This doctor was lucky. Nothing terrible happened while the other doctors worked with him, and he is wisely looking at what changes he should make instead of simply going back to his previous structure.
Options On the Table
Now that the doctor is on his own again, he could work as a sole proprietor again. But considering that doctors are at high risk of getting sued, he probably should at least have either a corporation or a limited liability company (LLC) to insulate personal belongings somewhat from any lawsuits that happen in his professional life. After all, he is not the only person relying on those assets. His wife could lose everything, too, simply because he has not protected personal assets from professional risks. (For reasons outside the scope of this article, limited partnership was not under consideration in this case.)
Although giving the business a more formal structure involves extra cost and bother, there are some compensations. In addition to better asset protection, it is easier to take appropriate business deductions on tax returns when using a well suited business form. As the doctor ages, he may want to bring another doctor into the practice again, or sell it when he is ready to retire. Having a joint practice or selling his practice will be much cleaner when it is a corporation or LLC.
The main reason for choosing a corporation would be depth of legal precedent. LLCs are newer and have much less case law behind them.
If Choice is a Corporation
Personally, I thought a corporation would not be the best fit in this instance, but for some people it would be. A “subchapter C” (normal) corporation leads to double taxation on some income–the corporation pays tax on its profits, and the owner (the doctor) pays tax again on any profits that are paid out to him as dividends. For this reason, if he chose to incorporate, I suggested a “subchapter S” corporation. C-corporations can have more owners, issue more than one class of shares, hold more retained earnings, and own more kinds of assets or other businesses. Those abilities are important for large companies but are not factors for his medical practice.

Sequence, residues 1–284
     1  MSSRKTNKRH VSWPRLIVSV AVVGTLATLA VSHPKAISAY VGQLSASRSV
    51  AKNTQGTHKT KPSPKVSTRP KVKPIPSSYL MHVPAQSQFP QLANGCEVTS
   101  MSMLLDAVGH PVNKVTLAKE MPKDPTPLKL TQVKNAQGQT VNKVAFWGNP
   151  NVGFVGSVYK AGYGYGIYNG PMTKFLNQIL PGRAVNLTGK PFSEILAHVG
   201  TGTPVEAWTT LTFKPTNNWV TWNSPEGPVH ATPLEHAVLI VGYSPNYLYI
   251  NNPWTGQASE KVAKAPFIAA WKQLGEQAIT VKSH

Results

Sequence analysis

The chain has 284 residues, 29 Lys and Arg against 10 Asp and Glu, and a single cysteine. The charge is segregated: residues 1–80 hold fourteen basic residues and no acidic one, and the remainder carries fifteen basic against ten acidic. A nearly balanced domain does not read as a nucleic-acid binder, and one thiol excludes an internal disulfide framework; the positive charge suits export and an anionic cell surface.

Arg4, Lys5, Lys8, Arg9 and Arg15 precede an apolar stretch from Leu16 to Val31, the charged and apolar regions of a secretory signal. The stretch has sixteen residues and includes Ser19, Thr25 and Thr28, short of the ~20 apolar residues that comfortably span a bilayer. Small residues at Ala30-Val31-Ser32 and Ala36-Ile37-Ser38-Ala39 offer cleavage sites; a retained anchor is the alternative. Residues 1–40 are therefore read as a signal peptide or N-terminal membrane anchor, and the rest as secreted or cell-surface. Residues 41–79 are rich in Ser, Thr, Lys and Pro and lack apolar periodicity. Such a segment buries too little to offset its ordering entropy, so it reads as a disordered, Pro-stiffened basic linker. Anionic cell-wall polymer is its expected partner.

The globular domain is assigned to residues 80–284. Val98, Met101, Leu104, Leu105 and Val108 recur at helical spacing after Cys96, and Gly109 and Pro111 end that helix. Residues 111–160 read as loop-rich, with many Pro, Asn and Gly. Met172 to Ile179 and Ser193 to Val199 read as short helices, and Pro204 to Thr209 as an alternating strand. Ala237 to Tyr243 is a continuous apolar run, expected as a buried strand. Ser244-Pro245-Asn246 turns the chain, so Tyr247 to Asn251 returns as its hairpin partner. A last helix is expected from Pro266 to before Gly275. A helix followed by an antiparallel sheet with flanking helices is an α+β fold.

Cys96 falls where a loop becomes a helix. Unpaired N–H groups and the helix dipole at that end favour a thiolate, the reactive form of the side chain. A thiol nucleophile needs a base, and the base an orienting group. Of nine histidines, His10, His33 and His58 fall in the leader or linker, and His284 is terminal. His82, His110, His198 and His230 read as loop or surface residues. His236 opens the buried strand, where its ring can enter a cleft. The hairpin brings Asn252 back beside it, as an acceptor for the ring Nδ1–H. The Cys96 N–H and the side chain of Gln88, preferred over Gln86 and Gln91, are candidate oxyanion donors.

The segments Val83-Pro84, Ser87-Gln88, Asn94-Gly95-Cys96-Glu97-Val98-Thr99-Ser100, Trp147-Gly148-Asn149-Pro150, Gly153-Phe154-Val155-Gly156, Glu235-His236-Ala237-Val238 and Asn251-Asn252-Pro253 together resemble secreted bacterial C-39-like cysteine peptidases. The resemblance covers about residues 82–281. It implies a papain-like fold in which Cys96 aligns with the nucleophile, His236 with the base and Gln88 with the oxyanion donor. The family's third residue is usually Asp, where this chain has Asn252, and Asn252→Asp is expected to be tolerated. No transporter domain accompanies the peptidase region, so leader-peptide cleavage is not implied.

After forming the corporation, he would file a form with the IRS declaring subchapter S status. When times are bad, losses would “flow through” from the S-corporation to his personal tax return, up to the amount in any one year that he uses to “capitalize” the company when he forms it. In one of my businesses, I only capitalized with $1000. When I had a bad year, that loss stretched out $1000 per year on my personal tax return as a deduction until it was used up.
When times are good, he would pay himself a salary from the corporation at a rate that is appropriate for his profession. If there is more profit in the company, that “flows through” to his personal tax return and is taxed as his income, but no payroll tax is due on it. This is a tax break he does not get when he does business as a sole proprietor.
If Choice is Limited Liability Company
LLCs are designed to combine the liability insulation of a corporation with tax treatment like a partnership. What happens to income is similar to what I described for S-corporations, but LLCs have extra advantages. For example, S-corporations cannot deduct the cost of insurance premiums for health, life and disability insurance or medical care for owners of the business. LLCs can, providing a valuable tax break.
If the doctor’s wife stops working in the business and the marriage is rock solid, the LLC can also provide some asset protection. This is priceless if someone files a lawsuit against the doctor.
The way liability protection works with LLCs is not the same as with corporations. Incorporation is supposed to insulate owners from liability, but small oversights in running the corporation or small details in a situation can allow a plaintiff to “pierce the corporate veil” and put the owners’ other assets at risk. When set up carefully, the LLC can protect personal assets better, with less likelihood of making a mistake that shatters the protection.